God’s Mercy and Justice

The following is the foreword for the new book, Divine Mercy and Divine Justice: Why Both are Essential to a Catholic Understanding of Godby Robert Stackpole, STD, director of the John Paul II Institute of Divine Mercy. The foreword is by Ralph Martin, STD, president of Renewal Ministries.

This is an excellent and much needed book. It carefully and clearly addresses some of the biggest confusions common in the Church today concerning such important topics as the reality of Heaven, Hell and Purgatory and how to understand the relation between God’s mercy and God’s justice.

Misunderstanding revealed truth on these important topics is not just an academic problem: It jeopardizes salvation itself as well as undermining the call to holiness and evangelization and the motivation for anyone to dedicate their life to the service of God and His people.

Let me share an experience I had that illustrates the point. One day I was speaking to a group about what Jesus teaches about the danger of unrepented serious sin separating us from God forever and a woman came up to me afterwards and declared boldly: “My Jesus would never have said that.”

Shocking. Troubling. Not many people today go around carving little wooden statues and worshipping them but many people today do go around picking and choosing what they like and don’t like in the teaching of Jesus and the Church. It can be a form of idolatry and profound rebellion, creating a “god” in our own image and making up our own religion because we find “offensive” the real Jesus and His actual teaching.

How important is that all of us carefully pay attention to what God has revealed about Himself and the way to salvation and how the Church has understood this and faithfully transmitted it all these years until it is summed up today in the Catechism of the Catholic Church.

Dr. Stackpole blends together the results of careful reasoning and sensitive attention to the revelation of God, and addresses in a way that may help many the huge deceptions that are weakening the faith, morality and mission of God’s people today.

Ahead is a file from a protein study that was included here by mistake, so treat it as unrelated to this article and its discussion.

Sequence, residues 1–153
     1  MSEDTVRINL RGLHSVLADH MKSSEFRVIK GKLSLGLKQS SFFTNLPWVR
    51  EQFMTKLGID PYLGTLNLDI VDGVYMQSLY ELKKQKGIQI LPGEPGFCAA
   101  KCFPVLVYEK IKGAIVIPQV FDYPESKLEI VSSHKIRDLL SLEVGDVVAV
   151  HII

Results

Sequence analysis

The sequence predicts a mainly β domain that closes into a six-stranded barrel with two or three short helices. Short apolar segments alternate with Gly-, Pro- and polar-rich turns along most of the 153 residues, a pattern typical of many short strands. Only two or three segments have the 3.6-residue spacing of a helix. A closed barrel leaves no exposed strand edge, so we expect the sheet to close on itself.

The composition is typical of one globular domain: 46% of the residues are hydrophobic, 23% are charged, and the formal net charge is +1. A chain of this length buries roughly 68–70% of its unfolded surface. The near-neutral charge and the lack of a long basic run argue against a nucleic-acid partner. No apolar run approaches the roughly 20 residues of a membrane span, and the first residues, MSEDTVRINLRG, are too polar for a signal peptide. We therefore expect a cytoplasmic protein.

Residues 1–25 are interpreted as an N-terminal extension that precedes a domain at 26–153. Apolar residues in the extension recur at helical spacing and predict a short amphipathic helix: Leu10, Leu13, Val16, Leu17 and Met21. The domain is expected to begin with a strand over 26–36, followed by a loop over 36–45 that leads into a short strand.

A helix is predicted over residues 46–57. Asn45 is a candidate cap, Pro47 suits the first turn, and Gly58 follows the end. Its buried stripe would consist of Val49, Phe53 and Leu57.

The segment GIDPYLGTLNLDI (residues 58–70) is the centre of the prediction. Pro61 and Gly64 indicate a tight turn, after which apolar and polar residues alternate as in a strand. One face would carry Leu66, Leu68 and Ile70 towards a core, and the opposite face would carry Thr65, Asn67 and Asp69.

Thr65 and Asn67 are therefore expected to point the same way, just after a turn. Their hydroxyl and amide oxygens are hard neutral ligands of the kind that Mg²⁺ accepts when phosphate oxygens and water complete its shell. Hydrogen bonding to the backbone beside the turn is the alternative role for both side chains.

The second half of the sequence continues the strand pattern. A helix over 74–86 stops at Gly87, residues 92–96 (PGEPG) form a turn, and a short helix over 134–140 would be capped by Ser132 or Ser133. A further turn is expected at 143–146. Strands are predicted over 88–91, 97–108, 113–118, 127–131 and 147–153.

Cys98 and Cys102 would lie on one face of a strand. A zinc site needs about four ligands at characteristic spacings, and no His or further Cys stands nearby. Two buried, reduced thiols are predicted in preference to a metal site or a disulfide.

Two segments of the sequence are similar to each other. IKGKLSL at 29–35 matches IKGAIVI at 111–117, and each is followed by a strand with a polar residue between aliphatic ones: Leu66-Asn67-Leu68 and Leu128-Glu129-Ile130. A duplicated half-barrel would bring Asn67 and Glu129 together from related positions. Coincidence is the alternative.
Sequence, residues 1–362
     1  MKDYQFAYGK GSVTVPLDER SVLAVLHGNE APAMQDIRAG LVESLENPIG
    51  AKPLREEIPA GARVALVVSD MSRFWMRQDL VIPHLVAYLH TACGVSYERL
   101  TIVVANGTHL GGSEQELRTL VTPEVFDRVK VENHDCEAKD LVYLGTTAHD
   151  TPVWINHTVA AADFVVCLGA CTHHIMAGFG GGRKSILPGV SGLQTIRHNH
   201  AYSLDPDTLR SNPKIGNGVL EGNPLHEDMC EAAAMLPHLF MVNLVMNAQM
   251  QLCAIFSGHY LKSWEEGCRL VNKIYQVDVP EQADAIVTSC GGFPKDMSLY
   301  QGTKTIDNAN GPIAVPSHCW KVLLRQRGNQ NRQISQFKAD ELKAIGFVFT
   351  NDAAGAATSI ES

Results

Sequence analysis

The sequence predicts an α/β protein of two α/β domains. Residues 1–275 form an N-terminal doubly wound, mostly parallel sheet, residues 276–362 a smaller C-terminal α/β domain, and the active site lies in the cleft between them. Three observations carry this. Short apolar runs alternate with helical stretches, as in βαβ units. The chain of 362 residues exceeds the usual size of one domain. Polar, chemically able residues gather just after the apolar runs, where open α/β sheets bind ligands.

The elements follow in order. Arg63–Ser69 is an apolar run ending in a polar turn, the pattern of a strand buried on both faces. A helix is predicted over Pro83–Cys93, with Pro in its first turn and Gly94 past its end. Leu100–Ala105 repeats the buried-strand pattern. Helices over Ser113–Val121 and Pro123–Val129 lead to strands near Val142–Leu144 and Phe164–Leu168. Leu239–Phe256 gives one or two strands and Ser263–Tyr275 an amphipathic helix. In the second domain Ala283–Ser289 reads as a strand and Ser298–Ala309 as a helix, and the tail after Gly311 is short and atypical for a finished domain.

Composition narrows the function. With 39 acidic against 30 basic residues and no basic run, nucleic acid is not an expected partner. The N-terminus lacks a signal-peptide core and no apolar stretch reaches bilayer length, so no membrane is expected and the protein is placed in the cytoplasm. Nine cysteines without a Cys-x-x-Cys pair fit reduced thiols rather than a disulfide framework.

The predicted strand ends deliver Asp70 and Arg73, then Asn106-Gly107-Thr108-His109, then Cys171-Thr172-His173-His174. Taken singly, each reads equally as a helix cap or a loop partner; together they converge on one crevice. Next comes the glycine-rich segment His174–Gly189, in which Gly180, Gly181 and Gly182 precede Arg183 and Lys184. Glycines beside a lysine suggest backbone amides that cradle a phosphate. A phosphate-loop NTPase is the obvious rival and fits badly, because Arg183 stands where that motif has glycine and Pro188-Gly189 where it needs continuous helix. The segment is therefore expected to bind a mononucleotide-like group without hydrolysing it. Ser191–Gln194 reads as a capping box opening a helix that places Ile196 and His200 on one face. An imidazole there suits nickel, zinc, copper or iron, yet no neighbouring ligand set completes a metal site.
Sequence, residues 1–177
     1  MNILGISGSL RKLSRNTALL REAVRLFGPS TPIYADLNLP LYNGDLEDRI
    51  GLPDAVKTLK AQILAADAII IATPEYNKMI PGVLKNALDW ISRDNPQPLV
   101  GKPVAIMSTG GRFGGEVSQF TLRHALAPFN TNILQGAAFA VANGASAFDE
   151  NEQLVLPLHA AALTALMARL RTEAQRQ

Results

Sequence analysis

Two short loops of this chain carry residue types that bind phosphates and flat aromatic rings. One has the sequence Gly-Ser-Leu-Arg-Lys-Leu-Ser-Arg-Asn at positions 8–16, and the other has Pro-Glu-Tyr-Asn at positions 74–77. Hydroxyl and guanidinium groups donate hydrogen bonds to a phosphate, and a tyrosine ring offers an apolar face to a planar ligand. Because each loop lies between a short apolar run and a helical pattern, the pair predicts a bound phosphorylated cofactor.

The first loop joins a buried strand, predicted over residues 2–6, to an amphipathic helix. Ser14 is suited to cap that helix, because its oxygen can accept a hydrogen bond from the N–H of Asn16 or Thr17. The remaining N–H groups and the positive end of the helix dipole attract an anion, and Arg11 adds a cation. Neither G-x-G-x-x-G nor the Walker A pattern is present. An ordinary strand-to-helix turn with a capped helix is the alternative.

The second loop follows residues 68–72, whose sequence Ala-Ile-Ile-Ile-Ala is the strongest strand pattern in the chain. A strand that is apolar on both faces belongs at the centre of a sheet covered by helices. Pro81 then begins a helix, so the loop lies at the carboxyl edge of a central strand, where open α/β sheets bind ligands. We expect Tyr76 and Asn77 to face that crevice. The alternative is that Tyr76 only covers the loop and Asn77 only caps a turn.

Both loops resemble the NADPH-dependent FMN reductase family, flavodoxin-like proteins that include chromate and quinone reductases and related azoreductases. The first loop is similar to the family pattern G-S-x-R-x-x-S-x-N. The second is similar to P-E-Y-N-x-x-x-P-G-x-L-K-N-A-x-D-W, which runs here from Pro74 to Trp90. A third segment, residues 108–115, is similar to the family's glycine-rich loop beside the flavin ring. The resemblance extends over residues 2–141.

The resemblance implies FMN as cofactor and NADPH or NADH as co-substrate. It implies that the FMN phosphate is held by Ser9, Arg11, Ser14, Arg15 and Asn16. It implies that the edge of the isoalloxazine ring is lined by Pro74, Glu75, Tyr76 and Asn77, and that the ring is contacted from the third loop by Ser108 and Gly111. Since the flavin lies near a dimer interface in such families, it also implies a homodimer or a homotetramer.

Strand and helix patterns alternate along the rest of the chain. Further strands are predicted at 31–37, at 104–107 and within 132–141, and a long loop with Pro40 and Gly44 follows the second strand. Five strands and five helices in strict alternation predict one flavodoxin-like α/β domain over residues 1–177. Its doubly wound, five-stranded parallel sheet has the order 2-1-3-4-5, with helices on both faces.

Although the book is academically sound it is written in such a way that the educated Catholic can certainly understand the flow of his argument and greatly benefit from it.

His treatment of the truth about God’s mercy and justice is absolutely essential for understanding who God is and how we should respond to Him.

He has devoted whole chapters to the important topics of Purgatory and Hell and does not shrink from dealing with the “soft universalism” of Hans Urs Von Balthasar, Cardinal Kasper, and Bishop Barron, which he demonstrates is not solidly grounded in the true faith of the Church or in reason.

He addresses the tough questions: “If God is so merciful, why is there a hell?” “Why was the horrible death of Jesus Christ by crucifixion necessary for our salvation?” “Why do we shy away from facing the truth of the need for punishment — the penal dimension — for our sins?”

In the course of the book, he has many occasions to show how the revelations made to St. Faustina about Divine Mercy, also include clear and repeated warnings that God’s mercy is not forced on anyone but it must be accepted in humility and lead to repentance and conversion.

In a final chapter, he does a masterful job of showing the relevance of mercy to Catholic social teaching.

This is a book that was written with careful attention to the truth and a deep concern for the salvation of souls. It is also a book that took courage to write and for that we are all in Dr. Stackpole’s debt.

Ralph Martin, STD, is president of Renewal Ministries in Ann Arbor, Michigan, and the director of graduate programs in the New Evangelization at Sacred Heart Seminary in Detroit.

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